The flexibility provided by the modularity and/or interchangeability of the rings may enable a beekeeper to adapt the beehive to one or more particular needs, and may reconfigure the beehive to address and solve one or more problems with the beehive and/or one or more problems experienced by the swarm.
When the beekeeper determines the appropriate combination and arrangement of rings, he or she can obtain and arrange the rings in the desired manner and secure the rings in the arrangement. As a non-limiting example, a bee keeper may insert tie rods through aligned locating holes on each side of the assembled rings and secure the tie rods in place to secure the rings in their assembled relationship.
Various other features (e.g., ports, apertures, etc.) in the ring and/or the beehive may function as access points at which smoke, drugs, or other media may be introduced into the beehive at one or more desired locations without unnecessarily disturbing the structure or arrangement of the beehive.
Any number of buckets may be stacked and, optionally, secured to one another to form a population. In some embodiments, the manner in which the rings are secured to one another may also be used to secure one or more stacked beehives or buckets to one another, and to provide stability even during transport.
In some embodiments, the feeding ring or end cap of the beehive may include slots or other openings that allow bees of the beehive below the feeding ring to move between the upper and lower beehives without exposing the bees to the environment in which the beehive is located.
Because beehives may be devoid of a box or outer container, inspection and extraction may be accomplished by simply unfastening adjacent rings from one another (e.g., by removing tie rods, etc.). Once the rings are unsecured from each other, they can be handled or manipulated separately. Thus, one or more rings may be removed from the assembled relationship of the beehive. In a particular embodiment, one or more honey rings may be removed from a beehive according to the application, and subsequently the comb carried by each honey ring may be uncapped and honey may be extracted from the honey ring. Once the honey is removed, the honey ring can be cleaned, then the beehive can be reassembled, and the rings can be secured to each other again.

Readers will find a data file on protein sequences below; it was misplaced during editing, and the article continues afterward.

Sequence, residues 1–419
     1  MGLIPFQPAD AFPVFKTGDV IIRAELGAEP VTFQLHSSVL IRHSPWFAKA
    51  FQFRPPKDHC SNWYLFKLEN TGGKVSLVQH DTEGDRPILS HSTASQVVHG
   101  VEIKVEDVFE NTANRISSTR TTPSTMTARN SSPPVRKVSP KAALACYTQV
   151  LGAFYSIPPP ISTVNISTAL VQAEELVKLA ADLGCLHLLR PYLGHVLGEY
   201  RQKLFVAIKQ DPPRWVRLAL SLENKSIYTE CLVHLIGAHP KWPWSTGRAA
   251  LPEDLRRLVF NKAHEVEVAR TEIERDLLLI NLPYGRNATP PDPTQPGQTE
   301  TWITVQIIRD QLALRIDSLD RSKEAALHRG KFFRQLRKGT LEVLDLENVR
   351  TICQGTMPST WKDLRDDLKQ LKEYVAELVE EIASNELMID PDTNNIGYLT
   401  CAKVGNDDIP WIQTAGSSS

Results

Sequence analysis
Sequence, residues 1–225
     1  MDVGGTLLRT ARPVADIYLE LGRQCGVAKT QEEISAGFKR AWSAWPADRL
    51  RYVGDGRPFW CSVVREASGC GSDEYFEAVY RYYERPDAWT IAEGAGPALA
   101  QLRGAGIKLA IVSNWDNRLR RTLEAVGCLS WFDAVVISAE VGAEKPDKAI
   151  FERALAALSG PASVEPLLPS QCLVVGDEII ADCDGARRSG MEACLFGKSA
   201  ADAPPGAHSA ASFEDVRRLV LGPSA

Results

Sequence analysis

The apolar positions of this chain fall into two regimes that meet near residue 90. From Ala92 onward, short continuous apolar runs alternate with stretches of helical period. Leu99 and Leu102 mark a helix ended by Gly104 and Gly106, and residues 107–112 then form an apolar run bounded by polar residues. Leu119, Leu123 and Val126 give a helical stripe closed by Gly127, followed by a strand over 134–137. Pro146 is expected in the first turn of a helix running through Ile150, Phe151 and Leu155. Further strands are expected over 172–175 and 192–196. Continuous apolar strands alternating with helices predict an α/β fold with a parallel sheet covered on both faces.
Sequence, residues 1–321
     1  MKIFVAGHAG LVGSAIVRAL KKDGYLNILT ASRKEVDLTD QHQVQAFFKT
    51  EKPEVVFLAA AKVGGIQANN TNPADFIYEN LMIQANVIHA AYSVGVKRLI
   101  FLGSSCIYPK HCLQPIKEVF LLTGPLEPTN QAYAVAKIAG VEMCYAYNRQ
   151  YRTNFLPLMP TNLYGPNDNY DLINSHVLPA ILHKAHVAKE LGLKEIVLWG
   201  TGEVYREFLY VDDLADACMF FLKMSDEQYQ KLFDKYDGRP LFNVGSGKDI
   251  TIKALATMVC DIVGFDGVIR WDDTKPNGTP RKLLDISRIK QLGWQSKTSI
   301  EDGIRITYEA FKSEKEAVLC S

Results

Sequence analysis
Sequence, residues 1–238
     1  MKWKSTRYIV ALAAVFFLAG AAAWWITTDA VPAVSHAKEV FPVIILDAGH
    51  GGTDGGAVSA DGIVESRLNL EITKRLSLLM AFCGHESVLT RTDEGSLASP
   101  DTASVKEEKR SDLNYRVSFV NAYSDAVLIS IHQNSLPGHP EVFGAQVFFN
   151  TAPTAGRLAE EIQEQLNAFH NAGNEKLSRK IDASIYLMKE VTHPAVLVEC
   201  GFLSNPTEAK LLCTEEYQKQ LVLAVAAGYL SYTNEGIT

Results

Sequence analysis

The rings of a beehive according to the present application may also be unsecured from each other and disassembled to enable inspection and then subsequently repositioned and re-secured from each other after inspection.
Other aspects, features, and advantages of the various aspects of the disclosed subject matter will become apparent to those of ordinary skill in the art upon review of the following description, drawings, and appended claims.
Drawings
In the drawings:
FIG. 1 is an orthogonal view of an embodiment of an assembled beehive including a plurality of rings in an assembled relationship, wherein the rings are stacked and fixed relative to each other;
FIG. 2 is a front view of an embodiment of an access cover of a beehive of the present application;
FIGS. 3A and 3B are top and front views of an embodiment of a super ring of a beehive of the present application;
FIG. 4 is an exploded side view showing two adjacent rings of a beehive according to the present application;
FIG. 5 is an exploded view of the super ring and ring insert of the beehive of the present application;
FIG. 6 is a front view of an embodiment of a queen packing insert for a ring of a beehive according to the present application;
FIG. 7 is a front view of an embodiment of a base insert for a ring of a beehive according to the present application;
FIGS. 8A and 8B are front and side views of an embodiment of a bee door insert for a ring of a bee cage according to the present application;
FIG. 9 is a front view of an embodiment of a feed insert for a ring of a beehive according to the present application;
FIG. 10 is a front view of an embodiment of a queen strip insert for a ring of a beehive according to the present application;
FIG. 11 is an orthogonal view of an embodiment of a queen bee strip that may be included on a queen bee strip insert such as that shown in FIG. 10;
fig. 12 is an orthogonal view of an embodiment of a queen bee cell;
FIG. 13A is a bottom view of an embodiment of a queen door for use with rings of an embodiment of a beehive according to the present application;
FIG. 13B is a side view of the queen door of FIG. 13;
FIG. 13C is a side view of the cage attached to the queen door of FIG. 13;
FIG. 13D is a side view of the queen door of FIG. 13, illustrating an embodiment of the manner in which the queen door may be associated with a queen strip insert such as that shown in FIG. 10; and